The main point made is that it can be easier to find a guest blogger when you have an established or popular blog.
“Some good points – but it certainly is much easier to get a guest blogger when you have a very popular blog, right?
Now i think you’ll get the idea. Guest bloggers can be useful especially if you’re running a popular blog on the blogosphere and of course they also lining up to write on your blog even if you are not asking for it.”
Aditya does make a good point and it is something I should have included in yesterday’s post. It is easier to find people to fill in when you have an established readership.
However just because you might have a small blog doesn’t mean guest bloggers are out of the equation for you. In fact I first started finding guest bloggers for my blogs in the first few months of blogging.
Here are six ways to find guest bloggers:
1. Look in Your Comments Section – perhaps the best place to find guest bloggers is in your comments section. It is there that you’ll find readers who’ve taken a step towards active participation on your blog already (a good sign that they want to interact with you). Look for repeat comment leavers and those with something worthwhile to share. Even in the early days of a blog those who are commenting can be great contacts to deepen connections with.
2. Aim High – ‘you’ll never know unless you ask’ is a saying I utter a fair bit. While most well known bloggers are probably unlikely to say yes to blogging on a blog that they’ve not heard of – you might just be surprised. I’ve asked most ‘A-listers’ from time to time to come post something for me at ProBlogger – and some of them even took me up on the offer.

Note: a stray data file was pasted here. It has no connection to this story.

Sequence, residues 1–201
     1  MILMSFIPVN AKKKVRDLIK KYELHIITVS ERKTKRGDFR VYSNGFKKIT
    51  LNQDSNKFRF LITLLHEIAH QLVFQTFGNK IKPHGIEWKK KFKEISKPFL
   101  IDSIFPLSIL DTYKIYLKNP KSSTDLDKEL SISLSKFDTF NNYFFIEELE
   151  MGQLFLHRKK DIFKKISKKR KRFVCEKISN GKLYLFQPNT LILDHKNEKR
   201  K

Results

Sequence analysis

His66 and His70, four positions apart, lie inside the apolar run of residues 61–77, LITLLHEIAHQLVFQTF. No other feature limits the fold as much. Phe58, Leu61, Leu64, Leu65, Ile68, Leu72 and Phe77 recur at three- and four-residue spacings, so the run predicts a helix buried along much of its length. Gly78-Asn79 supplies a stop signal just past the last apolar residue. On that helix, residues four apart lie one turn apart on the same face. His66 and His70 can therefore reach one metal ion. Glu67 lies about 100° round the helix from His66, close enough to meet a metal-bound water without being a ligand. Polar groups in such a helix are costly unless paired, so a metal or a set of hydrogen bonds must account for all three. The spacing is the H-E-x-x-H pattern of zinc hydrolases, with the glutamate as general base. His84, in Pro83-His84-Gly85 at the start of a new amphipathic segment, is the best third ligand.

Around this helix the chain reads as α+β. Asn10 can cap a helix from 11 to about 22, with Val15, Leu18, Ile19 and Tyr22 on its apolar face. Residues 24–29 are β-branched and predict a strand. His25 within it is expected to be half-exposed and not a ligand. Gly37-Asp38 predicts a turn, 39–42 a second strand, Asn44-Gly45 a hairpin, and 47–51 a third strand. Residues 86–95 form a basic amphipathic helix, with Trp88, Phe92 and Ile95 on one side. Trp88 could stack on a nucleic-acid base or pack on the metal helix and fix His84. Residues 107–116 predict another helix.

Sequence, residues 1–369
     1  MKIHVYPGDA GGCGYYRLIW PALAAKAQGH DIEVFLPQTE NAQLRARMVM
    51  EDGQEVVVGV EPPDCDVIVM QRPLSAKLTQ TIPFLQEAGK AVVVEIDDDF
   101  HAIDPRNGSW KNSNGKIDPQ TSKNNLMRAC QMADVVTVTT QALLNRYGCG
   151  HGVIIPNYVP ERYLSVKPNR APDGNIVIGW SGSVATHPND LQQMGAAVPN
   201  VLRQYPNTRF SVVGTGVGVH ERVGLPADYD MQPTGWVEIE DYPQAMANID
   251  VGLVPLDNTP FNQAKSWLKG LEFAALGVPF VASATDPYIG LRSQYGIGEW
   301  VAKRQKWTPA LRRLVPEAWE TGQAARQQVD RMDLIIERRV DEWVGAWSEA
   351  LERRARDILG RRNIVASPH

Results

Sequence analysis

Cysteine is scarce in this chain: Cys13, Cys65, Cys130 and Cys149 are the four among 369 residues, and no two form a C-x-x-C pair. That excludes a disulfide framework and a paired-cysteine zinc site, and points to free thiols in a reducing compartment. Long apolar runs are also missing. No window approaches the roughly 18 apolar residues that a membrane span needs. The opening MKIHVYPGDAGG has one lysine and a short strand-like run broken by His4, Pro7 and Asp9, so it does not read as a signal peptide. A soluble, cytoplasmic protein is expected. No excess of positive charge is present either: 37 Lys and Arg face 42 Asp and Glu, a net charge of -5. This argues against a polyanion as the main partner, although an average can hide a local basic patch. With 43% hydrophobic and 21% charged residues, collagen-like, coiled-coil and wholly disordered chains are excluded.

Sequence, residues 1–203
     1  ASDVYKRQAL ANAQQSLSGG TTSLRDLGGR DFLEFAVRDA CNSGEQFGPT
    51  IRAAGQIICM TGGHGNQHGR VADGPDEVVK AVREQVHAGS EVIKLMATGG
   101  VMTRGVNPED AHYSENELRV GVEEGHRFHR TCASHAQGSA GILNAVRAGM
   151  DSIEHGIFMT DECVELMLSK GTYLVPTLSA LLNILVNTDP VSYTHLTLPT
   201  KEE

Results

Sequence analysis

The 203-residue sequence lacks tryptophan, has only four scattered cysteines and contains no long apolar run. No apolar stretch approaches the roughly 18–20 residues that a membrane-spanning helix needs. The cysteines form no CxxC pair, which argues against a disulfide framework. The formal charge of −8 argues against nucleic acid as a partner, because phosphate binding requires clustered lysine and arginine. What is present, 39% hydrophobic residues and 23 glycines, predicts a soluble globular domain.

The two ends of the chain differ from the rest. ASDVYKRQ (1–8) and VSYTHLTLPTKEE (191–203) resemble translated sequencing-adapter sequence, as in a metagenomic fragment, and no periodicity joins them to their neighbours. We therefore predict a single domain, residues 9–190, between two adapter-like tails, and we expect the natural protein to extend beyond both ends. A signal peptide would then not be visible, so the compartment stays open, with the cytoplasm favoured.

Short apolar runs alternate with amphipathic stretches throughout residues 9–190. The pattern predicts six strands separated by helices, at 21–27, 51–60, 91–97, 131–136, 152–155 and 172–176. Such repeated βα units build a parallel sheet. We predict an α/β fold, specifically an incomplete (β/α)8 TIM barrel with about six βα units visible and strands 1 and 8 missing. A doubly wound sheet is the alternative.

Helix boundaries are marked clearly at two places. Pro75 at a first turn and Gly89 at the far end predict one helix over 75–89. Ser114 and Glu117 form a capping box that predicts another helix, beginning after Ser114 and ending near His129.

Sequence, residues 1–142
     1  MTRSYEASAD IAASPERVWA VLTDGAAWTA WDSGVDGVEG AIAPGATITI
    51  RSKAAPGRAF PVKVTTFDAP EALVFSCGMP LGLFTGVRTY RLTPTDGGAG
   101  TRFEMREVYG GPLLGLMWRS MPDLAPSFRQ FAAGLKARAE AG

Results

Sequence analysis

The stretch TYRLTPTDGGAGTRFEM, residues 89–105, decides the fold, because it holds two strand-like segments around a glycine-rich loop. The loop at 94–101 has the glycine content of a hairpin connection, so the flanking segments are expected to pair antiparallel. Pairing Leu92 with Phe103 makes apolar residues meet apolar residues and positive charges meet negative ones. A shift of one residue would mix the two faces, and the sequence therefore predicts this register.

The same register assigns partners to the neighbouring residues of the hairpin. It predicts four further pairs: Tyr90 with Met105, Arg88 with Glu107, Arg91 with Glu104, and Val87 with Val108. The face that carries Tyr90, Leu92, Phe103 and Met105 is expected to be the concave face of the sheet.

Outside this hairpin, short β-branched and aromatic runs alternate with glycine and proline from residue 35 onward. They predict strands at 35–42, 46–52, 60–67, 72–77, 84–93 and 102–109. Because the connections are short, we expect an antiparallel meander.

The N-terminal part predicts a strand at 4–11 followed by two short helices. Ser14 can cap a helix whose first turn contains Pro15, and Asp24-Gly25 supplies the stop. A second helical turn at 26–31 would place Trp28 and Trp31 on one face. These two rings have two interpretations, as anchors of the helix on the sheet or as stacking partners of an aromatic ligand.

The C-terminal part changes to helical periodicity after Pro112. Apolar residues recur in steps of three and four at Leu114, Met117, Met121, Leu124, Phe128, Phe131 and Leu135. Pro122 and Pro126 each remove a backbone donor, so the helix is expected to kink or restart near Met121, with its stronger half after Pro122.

3. Aim ‘Low’ – ‘low’ is the wrong word and I don’t mean to cast any judgments – but sometimes the most willing guest bloggers are those just starting out who are attempting to make a name for themselves in your niche (or a related one).
4. Look for Networkers – look for bloggers who have a history of being networkers and who are already taking up similar opportunities on different blogs. That’s why I asked Tony Hung to guest blog for me last time I went on holidays. While Tony was already making a name for himself in our part of the blogging community he was someone was actively seeking to connect with other bloggers and offering to work with them actively.
5. Look Offline – some of the most successful guest posts that I’ve had on my photography blogs are from people who’ve never heard of blogs before – pro photographers. These experts in my niche were not active content creators – but were willing to share what they knew. You don’t have to go for Pros or Experts in your niche – family members, friends, colleagues or associates might make a great guest poster and bring a unique perspective to your blog.
6. Make it ‘easy’ – when you approach a guest blogger don’t ask for too much. A good example of this was a series of guest posts that I produced mid last year with my 1 question interviews. In the series I approached some well known bloggers with a single question which formed the basis for 14 guest posts over a two week holiday. Similarly, this week I approached a number of bloggers to help me keep ProBlogger ticking over on my upcoming trip to the US.
Read the full Guest Blogging Series at: